In addition to high horsepower and torque for heavy cuts in difficult-to-machine materials, the Powerturn 2500 C-M vertical turning lathe offers a large-capacity ATC, thermal stability and observation cameras mounted within the work zone.
Modern Machine Shop,
by: Matt Danford
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Shown here is the machine’s tool storage and retrieval system. A two-position tool arm loads and unloads the tools, and the next cutter automatically moves to the “ready” position for faster change times.
The VTL’s table employs a dual-drive system that provides not only high accuracy during C-axis positioning, but also sufficient horsepower and torque for heavy cuts, the company says.
Vertical turning lathes (VTLs) have always been useful for machining large, heavy parts. That’s because gravity helps keep the workpiece in place rather than acting in opposition to the clamping forces exerted by a conventional lathe chuck. By itself, however, this inherent advantage is not sufficient to satisfy the needs of many manufacturers in the energy, construction, marine equipment and other sectors in which these machines are common. Such companies are demanding higher cutting forces for aggressive machining operations that remove large amounts of material.
Toshulin, a VTL builder based in the Czech Republic city of Hulin, says such applications shouldn’t be a problem with its new Powerturn 2500 C-M, even when dealing with hardened, difficult-to-machine alloys. Scheduled for release at the EMO trade show in Hannover, Germany this September, the machine offers a table drive system and ram that deliver high levels of horsepower and torque for heavy hogging. It also offers advancements demanded by machine tool users across all sectors of industry, including features that contribute to thermal stability, automation capabilities that reduce setup time, and a layout that conserves floor space. Additionally, cameras mounted within the workzone enable operators and other personnel to closely track operations as they proceed.
Available in the United States from Pilsen Imports (Cincinnati, Ohio), the machine offers a 98-inch table. C-axis positioning via the table’s dual drive system enables users to orient parts for machining via rotating milling and drilling tools mounted in the square, 12.5-inch ram’s live spindle, which is capable of as much as 11,250 pounds of cutting force.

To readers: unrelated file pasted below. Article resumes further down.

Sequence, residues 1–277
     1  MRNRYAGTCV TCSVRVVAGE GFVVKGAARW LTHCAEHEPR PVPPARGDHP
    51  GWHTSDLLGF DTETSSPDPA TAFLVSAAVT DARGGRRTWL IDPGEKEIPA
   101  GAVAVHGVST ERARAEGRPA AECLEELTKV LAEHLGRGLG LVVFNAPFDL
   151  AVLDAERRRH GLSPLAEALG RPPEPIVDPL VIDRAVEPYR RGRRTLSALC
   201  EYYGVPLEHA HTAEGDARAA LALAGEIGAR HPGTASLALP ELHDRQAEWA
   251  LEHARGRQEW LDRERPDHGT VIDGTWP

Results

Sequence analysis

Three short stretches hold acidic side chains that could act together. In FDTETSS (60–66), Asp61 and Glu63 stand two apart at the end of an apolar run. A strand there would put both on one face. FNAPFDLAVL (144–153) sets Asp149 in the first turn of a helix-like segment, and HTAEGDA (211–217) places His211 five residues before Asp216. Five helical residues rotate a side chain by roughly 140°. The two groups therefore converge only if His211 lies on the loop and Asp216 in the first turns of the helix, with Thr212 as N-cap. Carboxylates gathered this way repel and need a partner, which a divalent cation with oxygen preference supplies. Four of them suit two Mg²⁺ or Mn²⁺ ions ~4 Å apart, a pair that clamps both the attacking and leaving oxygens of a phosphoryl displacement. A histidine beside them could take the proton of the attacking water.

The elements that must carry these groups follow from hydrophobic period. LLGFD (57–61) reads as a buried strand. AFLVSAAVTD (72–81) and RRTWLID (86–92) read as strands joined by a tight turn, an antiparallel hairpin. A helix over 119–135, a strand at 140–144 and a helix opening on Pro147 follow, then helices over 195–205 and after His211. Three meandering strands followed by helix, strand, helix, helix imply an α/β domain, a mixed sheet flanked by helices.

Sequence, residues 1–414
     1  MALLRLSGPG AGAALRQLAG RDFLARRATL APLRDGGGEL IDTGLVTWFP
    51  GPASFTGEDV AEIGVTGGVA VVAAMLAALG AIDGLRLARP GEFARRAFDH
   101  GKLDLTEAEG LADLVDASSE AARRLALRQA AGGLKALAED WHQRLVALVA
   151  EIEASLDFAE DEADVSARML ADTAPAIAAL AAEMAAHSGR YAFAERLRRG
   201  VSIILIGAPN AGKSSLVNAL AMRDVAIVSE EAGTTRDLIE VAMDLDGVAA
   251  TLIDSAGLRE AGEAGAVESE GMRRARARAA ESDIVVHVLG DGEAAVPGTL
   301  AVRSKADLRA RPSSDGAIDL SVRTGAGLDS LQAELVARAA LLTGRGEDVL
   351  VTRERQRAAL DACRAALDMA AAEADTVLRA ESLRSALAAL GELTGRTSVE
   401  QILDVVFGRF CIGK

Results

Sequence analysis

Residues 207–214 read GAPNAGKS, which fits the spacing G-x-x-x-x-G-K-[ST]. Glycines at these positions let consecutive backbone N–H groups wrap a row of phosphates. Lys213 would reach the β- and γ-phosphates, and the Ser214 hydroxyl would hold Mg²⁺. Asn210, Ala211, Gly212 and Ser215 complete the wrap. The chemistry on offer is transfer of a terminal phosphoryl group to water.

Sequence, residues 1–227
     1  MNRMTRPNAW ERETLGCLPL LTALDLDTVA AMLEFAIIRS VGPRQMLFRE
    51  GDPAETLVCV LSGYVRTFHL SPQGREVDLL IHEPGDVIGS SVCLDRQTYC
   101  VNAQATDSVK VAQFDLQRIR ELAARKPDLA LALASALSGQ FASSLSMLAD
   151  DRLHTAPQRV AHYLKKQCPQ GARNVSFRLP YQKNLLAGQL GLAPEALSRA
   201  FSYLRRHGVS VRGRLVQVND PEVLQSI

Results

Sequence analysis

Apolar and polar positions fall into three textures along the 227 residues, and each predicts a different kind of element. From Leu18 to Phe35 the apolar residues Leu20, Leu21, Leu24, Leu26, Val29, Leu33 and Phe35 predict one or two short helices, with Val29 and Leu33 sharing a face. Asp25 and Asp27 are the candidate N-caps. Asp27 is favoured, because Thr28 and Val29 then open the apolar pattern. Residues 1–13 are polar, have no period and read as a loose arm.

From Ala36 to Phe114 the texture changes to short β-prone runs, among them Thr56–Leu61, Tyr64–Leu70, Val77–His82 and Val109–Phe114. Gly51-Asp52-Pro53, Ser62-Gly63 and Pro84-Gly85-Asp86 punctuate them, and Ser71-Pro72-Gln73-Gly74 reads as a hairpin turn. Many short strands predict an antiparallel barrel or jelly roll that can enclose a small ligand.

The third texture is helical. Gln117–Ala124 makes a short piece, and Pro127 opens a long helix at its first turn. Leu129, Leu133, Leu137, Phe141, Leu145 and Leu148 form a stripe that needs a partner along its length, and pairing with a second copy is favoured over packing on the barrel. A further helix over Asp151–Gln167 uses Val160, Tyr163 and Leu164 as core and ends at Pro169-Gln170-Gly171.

The table drive system offers 190 hp and 64,400 foot-pounds of torque at continuous duty (more than 237 hp and 85,500 foot-pounds duty rated), while the ram live spindle delivers 68 hp and 1,460 foot-pounds of torque at continuous duty (85 hp and 1,825 foot-pounds duty rated). The company says these levels of power are especially beneficial in helical milling operations. Additionally, the ram is designed to resist bending as it extends, which enables heavy, accurate cutting at high speed regardless of the extension level, the company says.
Complementing the powerful ram system and table drive is a thermo-symmetrically designed machine base that reduces the effects of heat on the table and workpiece. Combined with a recirculating, temperature-controlled oil system, this feature helps maintain a consistent temperature range to mediate any heat-related table inaccuracies. Consistent temperatures also aid in obtaining consistent cutting tolerance bands, the company says.
To reduce time spent loading and unloading cutting tools, the machine’s ATC can accommodate as many as 250 tools. Compatible interfaces include Sandvik Capto, Kennametal KM or HSK for both turning and live tools as well as 50-taper live tools. With the exception of special-sized tools that require a fixed location, all cutters locate in standardized carriers that fit any location on the changer. A two-position tool arm loads and unloads the tools, and the next cutter automatically moves to the “ready” position for faster change times. The main tool adapters are located in a carousel positioned for easy access by the ram.
The layout of auxiliary components (the electrical cabinet, hydraulic unit, coolant tank and so on) is designed to minimize the machine’s footprint, the company says. Additionally, the guard system keeps chips and coolant inside the fully enclosed workzone to facilitate a clean, safe environment for operators and support personnel.
Toshulin has also added a somewhat unusual capability to the Powerturn 2500 C-M: protected, workzone-mounted cameras that enable users to closely monitor the machining process. These full-color cameras are capable of panning, tilting and zooming as required. Images are displayed on a large screen attached to the operator’s pendant.
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